Boston’s Commercial Real-Estate Market Hints At Looming Recession
As commercial real-estate markets in the world’s hottest urban centers wobbled following the collapse of the WeWork IPO, the city of Boston flashed a particularly alarming warning.
According to Bloomberg, as the price per square foot for office space in Boston’s trendiest neighborhoods nears levels last seen during the dot-com boom, the city’s commercial real-estate market experienced a seemingly minor hiccup with dark connotations. For the first time since the financial crisis, commercial tenants cut back on office and lab space in Boston, Cambridge, and the surrounding suburbs, according to Aaron Jodka, the lead researcher at Colliers International Group Inc.’s Boston office.
A QoQ decline in rented commercial office space across all three markets has typically only happened during recessions or the run-up to a recession.
“I don’t think a decline in any of the markets individually would be surprising – the surprise was all three together,” Jodka said. “It’s a potential red flag for the top of the real estate market in Boston.”
Talk of a coming economic slowdown in the US, as economic data suggest that the divergence between the US economy and ROW might finally be running out of steam, has intensified lately, with many of the biggest banks forecasting an imminent recession over the next 12 months.
As BBG pointed out, even Boston Fed President Eric Rosengren is forecasting an imminent slowdown, anticipating GDP growth of just 1.7% during the second half of 2019 as the trade war and a slowing job market bite.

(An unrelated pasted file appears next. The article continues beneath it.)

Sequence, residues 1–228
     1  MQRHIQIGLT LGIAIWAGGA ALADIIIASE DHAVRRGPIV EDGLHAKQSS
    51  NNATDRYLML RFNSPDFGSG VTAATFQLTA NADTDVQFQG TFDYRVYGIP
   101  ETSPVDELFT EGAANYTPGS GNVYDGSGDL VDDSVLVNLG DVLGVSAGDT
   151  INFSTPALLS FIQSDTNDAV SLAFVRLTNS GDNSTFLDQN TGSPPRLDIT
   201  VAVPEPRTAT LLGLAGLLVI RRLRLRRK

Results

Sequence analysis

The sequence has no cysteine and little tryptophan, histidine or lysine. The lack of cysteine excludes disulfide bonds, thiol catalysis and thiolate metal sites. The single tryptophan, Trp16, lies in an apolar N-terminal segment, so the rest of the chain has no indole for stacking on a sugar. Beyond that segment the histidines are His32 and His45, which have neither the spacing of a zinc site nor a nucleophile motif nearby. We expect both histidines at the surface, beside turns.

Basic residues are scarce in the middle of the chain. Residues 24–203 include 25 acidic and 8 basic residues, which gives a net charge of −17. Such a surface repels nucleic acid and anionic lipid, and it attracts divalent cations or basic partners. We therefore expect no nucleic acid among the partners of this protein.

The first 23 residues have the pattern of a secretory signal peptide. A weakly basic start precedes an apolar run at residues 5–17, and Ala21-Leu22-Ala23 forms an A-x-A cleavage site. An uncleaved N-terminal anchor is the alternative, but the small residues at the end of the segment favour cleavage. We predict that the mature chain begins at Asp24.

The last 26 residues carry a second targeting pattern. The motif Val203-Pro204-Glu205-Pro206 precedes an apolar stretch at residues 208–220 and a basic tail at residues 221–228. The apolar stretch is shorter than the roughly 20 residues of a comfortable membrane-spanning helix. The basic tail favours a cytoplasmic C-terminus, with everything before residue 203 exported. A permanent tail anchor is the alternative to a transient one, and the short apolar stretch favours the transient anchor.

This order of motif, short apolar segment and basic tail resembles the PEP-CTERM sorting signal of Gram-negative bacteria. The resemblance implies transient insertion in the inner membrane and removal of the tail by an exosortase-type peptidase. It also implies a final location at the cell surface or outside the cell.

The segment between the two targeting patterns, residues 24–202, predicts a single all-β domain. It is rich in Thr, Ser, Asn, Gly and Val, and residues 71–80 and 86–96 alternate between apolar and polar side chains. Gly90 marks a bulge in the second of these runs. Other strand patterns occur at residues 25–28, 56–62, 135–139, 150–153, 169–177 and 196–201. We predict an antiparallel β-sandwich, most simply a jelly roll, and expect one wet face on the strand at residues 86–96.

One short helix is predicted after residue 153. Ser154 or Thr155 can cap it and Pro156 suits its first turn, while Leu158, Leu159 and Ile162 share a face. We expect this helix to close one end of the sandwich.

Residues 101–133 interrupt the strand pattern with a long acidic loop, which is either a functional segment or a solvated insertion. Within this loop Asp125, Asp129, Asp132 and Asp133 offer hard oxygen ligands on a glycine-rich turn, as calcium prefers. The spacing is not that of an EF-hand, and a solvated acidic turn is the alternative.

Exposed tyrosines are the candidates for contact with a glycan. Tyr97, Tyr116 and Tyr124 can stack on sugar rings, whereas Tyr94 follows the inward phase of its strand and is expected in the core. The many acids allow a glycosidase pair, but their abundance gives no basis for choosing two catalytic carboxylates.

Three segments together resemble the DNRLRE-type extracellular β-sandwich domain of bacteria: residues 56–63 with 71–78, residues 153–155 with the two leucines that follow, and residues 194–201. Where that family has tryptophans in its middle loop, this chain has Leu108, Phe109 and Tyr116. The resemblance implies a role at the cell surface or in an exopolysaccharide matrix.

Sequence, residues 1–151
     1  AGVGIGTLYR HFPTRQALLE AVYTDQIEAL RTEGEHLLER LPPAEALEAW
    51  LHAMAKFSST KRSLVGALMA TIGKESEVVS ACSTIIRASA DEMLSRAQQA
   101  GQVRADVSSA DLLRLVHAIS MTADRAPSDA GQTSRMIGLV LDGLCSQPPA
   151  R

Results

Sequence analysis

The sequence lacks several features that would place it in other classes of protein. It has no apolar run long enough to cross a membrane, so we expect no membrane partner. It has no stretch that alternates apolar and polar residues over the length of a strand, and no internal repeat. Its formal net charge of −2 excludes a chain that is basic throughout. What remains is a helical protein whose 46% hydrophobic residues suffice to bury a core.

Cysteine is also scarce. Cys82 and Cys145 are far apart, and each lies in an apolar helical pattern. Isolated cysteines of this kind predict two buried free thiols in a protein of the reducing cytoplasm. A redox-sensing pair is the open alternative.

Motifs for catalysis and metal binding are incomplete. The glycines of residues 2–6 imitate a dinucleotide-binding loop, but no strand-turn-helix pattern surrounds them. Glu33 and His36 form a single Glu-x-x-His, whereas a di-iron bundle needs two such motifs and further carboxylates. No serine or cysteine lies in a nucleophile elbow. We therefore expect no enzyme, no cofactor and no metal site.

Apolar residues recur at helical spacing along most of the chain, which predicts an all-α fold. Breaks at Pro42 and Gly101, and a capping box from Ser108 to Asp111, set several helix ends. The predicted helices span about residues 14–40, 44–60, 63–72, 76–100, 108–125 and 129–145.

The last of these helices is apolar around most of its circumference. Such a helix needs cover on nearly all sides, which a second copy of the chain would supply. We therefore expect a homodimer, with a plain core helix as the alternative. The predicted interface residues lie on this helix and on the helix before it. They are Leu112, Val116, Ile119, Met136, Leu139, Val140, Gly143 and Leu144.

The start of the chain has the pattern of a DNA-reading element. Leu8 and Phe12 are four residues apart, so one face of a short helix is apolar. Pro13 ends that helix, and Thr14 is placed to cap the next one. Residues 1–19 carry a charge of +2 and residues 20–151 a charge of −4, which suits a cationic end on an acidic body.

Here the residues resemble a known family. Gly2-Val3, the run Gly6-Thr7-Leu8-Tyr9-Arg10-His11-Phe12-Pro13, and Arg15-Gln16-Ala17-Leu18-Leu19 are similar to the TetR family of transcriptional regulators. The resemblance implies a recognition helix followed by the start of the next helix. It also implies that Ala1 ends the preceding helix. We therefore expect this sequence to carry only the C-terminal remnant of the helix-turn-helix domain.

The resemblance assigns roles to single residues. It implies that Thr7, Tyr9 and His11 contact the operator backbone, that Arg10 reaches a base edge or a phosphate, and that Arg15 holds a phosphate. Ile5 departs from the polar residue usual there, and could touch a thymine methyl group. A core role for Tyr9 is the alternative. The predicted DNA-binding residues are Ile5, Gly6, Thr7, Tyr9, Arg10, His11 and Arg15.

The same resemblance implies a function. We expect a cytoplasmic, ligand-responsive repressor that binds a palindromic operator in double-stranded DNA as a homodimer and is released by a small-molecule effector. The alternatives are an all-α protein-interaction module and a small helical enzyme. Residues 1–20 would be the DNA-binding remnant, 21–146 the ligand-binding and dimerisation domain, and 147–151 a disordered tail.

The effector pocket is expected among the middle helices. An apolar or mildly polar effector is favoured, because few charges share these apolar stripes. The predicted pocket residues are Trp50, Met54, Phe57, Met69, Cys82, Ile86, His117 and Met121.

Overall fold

While Boston’s commercial real-estate market is still in the middle of what could be described as boom times, it’s possible that the market could be about to enter a serious glut.
For example, Boston has 7 million square feet of office construction in the pipeline from 2021 to 2023, the most for a three-year period since the late 1980s.
Commercial rents in Boston’s priciest neighborhoods have already hit $100 per square foot, tied with the peaks from previous cycles.
Of course, with its bustling roads, crowded hotels and booming financial and tech industries, some might find it hard to imagine Boston as a harbinger of recession. After all, the city’s unemployment rate is below 3%, one of the lowest in the region. And if business contracts, Boston always has academia and health-care to fall back on.
But it’s a mistake to imagine that Boston is immune. And already, landlords have been battling to woo tenants with perks like fancy private employee clubs with craft beer on tap, gyms and private showers. For an idea of just how quickly things can turn around, after the last bust in 2000, Boston’s office vacancy rate jumped 13.5 percentage points. After the financial crisis, it jumped 7.7 percentage points.
In fact, Boston and the rest of the American economy could already be caught in the early stages of the downturn.
“Recessions have a tendency to be identified after the fact,” Jodka said. “Could it be that we will look back on this quarter as the start of a larger slowdown, or recession?”
And while companies typically wait until after a downturn has started to start cutting headcount, as one analyst pointed out, these are not normal times.
“The environment is filled with so many unique circumstances, from trade wars to impeachment,” Langbaum said. “That might make this time different.”